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Photo: QUT

Spick and span: new cleaning framework reduces hospital infections

A trial of new cleaning guidelines used in Australian hospitals has significantly reduced major healthcare-associated infections.

Trialled over 11 hospitals, cleaning practices improved from 55 to 76 per cent in bathroom areas and from 64 to 86 per cent in bedroom areas.

The cleaning was inspected by marking surfaces with invisible fluorescent markers that could only be removed with the new cleaning techniques.

The Researching Effective Approaches to Cleaning Hospitals (REACH) study, led by QUT health economist Peter Graves, resulted in a 37 per cent drop in major infection – vancomycin-resistance enterococci – and a 5.8 per cent decrease overall in three types of infections.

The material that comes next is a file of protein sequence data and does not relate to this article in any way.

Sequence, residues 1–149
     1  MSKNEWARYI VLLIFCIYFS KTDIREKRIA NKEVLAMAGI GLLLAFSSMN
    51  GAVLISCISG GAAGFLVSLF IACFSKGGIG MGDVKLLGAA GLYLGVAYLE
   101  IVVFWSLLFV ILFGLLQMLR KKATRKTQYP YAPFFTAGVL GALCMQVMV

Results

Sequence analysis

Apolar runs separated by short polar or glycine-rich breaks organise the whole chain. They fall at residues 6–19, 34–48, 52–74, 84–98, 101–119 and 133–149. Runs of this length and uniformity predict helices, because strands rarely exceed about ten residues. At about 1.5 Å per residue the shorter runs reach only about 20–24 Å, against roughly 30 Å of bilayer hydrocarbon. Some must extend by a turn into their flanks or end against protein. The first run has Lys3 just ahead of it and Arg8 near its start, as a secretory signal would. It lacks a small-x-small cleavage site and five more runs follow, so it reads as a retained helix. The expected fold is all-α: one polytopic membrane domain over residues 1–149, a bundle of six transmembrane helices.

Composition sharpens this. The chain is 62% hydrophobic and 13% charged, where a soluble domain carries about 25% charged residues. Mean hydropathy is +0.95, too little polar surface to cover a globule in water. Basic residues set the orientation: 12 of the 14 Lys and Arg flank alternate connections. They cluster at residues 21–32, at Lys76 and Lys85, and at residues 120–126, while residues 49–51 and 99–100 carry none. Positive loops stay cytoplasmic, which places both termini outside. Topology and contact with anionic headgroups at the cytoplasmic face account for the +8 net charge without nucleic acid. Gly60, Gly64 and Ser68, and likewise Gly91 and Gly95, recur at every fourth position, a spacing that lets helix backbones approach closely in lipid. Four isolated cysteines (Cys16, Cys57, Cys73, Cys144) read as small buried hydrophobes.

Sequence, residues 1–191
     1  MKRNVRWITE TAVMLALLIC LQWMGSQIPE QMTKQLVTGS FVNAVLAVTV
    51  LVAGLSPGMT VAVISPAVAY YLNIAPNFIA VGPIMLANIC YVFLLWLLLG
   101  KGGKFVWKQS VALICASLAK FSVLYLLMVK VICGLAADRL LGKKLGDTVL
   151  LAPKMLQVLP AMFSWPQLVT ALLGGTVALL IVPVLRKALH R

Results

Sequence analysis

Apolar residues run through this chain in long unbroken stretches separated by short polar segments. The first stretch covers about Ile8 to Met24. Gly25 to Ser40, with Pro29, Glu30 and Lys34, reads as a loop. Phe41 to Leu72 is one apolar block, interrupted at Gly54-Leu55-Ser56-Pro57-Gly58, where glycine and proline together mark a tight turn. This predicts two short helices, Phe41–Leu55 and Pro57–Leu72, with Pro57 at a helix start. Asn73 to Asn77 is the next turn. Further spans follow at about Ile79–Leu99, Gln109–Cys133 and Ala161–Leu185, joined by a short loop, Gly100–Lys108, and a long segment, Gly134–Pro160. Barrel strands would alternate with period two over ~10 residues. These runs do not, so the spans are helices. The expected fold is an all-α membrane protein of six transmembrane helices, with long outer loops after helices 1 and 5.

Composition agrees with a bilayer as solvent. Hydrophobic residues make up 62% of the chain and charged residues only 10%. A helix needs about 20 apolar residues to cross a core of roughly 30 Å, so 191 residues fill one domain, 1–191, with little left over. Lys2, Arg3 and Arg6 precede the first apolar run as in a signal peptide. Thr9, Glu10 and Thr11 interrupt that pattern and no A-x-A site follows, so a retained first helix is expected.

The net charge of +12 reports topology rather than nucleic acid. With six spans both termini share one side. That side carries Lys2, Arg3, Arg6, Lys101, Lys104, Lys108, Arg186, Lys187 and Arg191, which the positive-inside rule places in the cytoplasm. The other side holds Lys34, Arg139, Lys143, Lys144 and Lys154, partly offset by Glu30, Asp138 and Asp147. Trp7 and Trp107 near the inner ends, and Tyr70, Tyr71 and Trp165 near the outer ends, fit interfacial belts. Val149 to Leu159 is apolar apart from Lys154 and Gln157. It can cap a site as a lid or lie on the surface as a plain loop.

“This research project is believed to be the largest prospective, multi-site and multifactorial trial of hospital cleaning in the world,” Graves said.

“Its aim primarily was to investigate whether a change in cleaning practices was effective in reducing the 165,000 healthcare-associated infections in Australia each year.”

The hospitals involved actively promoted the importance of cleaning with a view to creating a cultural shift and, according to Graves, the REACH cleaning bundle is broadly applicable to any hospital.

“In contrast to previous research, the cleaning bundle development prioritised evidence-based strategies that were easy to implement and lower cost over newer expensive technologies,” said Graves.

“Overall, the cleaning bundle cost approximately $2,500 per 10,000 bed days to implement in participating hospitals.”

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